A COMMON FEATURE of most fights in India, whether they be in the public or the private domain, is the use of the phrase, “wear bangles.” Having heard it in at least five languages at last count, I have come to the conclusion that the purpose of hurling it at a man appears to be an attempt to emasculate him by labeling him weak and ineffective. It’s interesting, this line, spoken with contempt, as if the world at large is expected to know that those who wear bangles are helpless, shackled as they are by their gender.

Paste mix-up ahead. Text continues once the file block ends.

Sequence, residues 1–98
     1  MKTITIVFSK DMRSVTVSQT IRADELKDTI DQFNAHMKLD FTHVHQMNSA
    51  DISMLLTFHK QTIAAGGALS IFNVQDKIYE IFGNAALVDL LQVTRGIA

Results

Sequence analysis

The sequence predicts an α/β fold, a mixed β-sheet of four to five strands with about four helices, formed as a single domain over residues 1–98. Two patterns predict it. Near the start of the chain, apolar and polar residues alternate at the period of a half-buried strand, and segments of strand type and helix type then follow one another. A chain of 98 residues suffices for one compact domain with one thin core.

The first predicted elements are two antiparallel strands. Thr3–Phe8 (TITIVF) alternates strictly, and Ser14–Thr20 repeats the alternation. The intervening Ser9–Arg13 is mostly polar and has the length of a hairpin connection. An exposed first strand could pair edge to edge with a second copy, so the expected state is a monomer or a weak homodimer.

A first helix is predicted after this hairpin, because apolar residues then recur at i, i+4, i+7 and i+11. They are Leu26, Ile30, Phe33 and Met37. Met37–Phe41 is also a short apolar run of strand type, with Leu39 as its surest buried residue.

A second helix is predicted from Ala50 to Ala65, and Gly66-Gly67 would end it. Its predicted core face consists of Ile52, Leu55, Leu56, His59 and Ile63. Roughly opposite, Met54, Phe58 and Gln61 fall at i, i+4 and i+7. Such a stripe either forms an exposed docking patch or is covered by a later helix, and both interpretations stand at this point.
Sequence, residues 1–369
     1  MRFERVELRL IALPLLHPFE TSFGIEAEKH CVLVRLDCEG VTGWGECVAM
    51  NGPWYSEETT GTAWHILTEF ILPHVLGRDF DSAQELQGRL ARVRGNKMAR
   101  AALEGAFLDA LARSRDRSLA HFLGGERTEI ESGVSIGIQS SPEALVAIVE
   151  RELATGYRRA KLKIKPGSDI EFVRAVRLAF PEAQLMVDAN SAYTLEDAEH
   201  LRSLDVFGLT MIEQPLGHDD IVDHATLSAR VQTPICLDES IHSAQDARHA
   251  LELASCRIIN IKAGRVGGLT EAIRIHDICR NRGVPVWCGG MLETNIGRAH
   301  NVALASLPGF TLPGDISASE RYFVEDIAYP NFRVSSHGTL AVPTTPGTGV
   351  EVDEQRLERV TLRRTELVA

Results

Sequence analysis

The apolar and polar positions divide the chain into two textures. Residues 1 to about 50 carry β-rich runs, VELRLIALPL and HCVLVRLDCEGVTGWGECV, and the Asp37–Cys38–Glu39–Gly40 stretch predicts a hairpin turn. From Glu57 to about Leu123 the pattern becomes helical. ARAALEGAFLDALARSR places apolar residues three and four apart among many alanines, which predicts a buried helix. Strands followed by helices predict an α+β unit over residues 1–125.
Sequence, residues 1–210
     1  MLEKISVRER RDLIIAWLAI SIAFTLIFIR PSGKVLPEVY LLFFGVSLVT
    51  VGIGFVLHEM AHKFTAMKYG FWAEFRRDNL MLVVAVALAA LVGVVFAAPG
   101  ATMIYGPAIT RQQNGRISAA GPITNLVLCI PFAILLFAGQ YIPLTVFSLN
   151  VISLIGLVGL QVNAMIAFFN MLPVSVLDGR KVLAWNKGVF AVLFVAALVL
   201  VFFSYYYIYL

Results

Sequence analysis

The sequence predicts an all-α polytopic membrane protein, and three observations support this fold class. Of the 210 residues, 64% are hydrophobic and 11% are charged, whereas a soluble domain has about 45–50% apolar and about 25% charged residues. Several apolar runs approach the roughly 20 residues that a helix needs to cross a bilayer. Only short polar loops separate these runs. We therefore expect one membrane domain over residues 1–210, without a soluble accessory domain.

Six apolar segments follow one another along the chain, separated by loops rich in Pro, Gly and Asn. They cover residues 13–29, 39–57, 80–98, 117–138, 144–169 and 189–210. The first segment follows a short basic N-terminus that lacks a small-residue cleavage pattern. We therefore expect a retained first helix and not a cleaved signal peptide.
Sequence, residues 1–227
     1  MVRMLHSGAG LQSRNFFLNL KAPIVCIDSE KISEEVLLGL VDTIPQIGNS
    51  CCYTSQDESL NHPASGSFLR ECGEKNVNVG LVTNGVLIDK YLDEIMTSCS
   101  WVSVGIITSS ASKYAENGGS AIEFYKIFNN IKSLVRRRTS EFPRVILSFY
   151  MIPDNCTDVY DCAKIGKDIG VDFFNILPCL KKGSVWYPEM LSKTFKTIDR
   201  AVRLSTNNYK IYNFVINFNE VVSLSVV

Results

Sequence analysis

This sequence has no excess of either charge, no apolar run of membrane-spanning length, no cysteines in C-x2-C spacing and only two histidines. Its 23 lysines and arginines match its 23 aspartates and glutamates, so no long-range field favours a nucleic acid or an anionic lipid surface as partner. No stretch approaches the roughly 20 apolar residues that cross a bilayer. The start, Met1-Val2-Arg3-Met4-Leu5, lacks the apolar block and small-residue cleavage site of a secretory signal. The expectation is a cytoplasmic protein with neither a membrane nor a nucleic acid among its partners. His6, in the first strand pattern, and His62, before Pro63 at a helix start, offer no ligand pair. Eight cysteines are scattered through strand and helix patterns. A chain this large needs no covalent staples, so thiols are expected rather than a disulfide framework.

Another commonly hurled abuse is “hijra”, meaning eunuch. Again, always said to a man. No woman is called one, and it wouldn’t be an offense anyway, because everyone knows that womankind is hanging off the lowest rung of the power ladder, where even the otherwise unfortunate third gender is “stronger”. What’s almost amusing is how men take serious offense at the seeming threat to their manhood, which is invariably defined by physical strength. It would all work wonderfully in the hunter-gatherer context, but since we pretend to live in civilized society, could we please stop for a minute and question why it is so terrible to be called a woman or a non-male? No, don’t tell me “You’re not a man, so you won’t understand.” Give me a rational explanation for being so affronted. When you’re done packing the ego away, of course. Take your time. I’ll play clink-the-bangles while I wait.